(SPCK, 2014. 170pp. ISBN 978-0-281-07226-2. Also available as e-book, 978-0-281-07227-9)
Reviewed by Colin Patterson, Assistant Director of Bridge Builders
I found this book very stimulating – highly readable yet not lightweight. It’s worth having, just for Justin Welby’s foreword, “Reconciliation is the heart of the gospel”, but the rest of the book has the same ring of truth. You can tell it’s written by people who have wrestled with the practical challenges of making reconciliation more than just a nice idea. Phil Groves is the Director of the Continuing Indaba process for the Anglican Communion and Angharad Parry Jones was for some time its Communication and Resource Manager. They have considerable wisdom and experience to draw upon.
A key theme is that reconciliation is something to be lived rather than defined. Hence the authors aim to describe reconciliation by telling the stories of people who live it. Weaving together stories of those who travelled with Jesus and stories of present-day Christians, important characteristics of reconciliation are drawn out: it is a journey into uncertainty, with companions that you do not choose; it requires you to understand notions of power in a different way; it challenges your view of conflict (will you let it be a vehicle of transformation rather than just a problem to be fixed?); it is always risky. As a reader, I felt both challenged and inspired to be an agent of reconciliation.
The particular strengths of the book are its serious attention to Scripture, and the world-wide scope of its contemporary examples. It draws extensively (but not exclusively) on lessons learned through Continuing Indaba – a process that is described warts and all. I got a real sense of how disorientating it was, for those involved, to encounter differences at many levels, and how difficult it sometimes was to continue listening to others with whom they disagreed deeply. Nevertheless there were heart-warming instances of strong relationships being formed across divides. I was helpfully reminded how much this resonates with the experience of the early church, especially when facing the gospel’s imperative for Jews and Gentiles to live as one body.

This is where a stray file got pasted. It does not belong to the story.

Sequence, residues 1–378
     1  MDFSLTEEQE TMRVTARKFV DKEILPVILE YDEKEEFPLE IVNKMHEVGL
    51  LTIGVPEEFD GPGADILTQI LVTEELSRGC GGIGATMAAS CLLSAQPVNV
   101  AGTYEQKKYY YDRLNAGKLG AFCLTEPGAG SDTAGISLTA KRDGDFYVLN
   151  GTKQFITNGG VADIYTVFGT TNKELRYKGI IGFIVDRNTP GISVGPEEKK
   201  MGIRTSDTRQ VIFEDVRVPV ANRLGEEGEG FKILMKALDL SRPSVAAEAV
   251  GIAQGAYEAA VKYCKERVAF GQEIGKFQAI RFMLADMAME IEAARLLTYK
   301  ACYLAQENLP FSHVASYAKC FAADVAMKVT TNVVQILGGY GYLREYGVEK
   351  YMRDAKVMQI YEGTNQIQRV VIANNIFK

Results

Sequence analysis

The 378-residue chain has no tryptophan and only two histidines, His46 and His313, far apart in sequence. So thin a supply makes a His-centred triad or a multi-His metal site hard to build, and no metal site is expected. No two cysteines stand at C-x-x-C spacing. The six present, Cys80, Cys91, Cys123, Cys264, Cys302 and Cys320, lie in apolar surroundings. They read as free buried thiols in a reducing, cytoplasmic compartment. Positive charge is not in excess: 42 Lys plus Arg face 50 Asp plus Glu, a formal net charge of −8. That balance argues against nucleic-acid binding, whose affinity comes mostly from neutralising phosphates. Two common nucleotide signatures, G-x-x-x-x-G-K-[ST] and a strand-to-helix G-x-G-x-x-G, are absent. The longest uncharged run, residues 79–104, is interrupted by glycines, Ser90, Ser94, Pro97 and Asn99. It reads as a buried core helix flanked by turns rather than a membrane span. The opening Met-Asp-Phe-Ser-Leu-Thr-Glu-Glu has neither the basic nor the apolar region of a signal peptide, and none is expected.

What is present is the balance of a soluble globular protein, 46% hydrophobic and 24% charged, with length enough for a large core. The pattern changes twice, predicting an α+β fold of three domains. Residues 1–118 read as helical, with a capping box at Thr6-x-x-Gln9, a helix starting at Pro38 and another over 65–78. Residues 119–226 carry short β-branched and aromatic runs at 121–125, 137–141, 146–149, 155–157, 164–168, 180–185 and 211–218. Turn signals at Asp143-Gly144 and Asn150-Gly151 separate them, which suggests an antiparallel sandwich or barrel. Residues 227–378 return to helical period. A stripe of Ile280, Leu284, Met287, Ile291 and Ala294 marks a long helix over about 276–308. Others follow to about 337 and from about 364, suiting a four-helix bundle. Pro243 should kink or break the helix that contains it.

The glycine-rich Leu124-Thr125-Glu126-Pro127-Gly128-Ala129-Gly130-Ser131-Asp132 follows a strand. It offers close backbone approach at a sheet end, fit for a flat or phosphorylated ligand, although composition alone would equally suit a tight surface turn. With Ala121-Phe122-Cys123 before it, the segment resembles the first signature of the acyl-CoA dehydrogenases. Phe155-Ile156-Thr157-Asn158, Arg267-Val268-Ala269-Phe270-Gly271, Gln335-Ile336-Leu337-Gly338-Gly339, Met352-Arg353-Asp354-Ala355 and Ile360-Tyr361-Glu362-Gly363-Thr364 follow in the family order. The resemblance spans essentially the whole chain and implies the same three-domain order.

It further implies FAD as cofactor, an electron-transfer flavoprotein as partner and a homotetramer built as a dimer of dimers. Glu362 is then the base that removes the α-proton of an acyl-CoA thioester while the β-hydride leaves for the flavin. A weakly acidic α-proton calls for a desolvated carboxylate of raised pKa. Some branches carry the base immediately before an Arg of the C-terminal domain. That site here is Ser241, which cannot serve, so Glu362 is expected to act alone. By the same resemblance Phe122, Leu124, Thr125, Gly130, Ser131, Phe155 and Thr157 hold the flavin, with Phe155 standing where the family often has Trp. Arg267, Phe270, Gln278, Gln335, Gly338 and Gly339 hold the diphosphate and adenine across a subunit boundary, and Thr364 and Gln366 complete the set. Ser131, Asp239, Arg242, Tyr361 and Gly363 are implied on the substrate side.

A central metaphor of the book has particularly stuck with me: changing the drumbeat that sounds during conflict. The authors explain how this metaphor was developed by a group of Kenyan theologians. Reflecting on typical patterns of violent conflict in Kenya, they suggested imagining a drum with Jesus at the centre. Instead of beating out a call for blame and punishment of enemies, it would call for unconditional love, and would have the mission of reconciliation as its skin. Further, it would be helpful to think of five strings on the drum: relationship, conversation, a place of meeting, appreciation of uniqueness, and community life based on forgiveness and belonging. I think church leaders could fruitfully use this picture to offer a vision for renewal.
There is a brief review section at the end of each chapter, with a prayer and some questions to think about. They are good. But the usefulness of the book for group work is greatly increased by the further (free) resources provided at www.living-reconciliation.org. There is a study-guide, providing well-devised material for eight sessions, one per chapter of the book. This can be used in conjunction with eight five-minute Youtube videos, full of interviews, offering thoughts from around the Anglican Communion. The web-site also has a range of further resources.
I think Archbishop Welby’s call to put reconciliation at the forefront of the church’s life has offered an important lead. I commend Living Reconciliation, along with the supplementary material, to any church leader who wants to follow that lead.
This review was first published in “Anvil”. Read the full edition at http://www.degruyter.com/view/j/anv.2015.31.issue-1/issue-files/anv.2015.31.issue-1.xml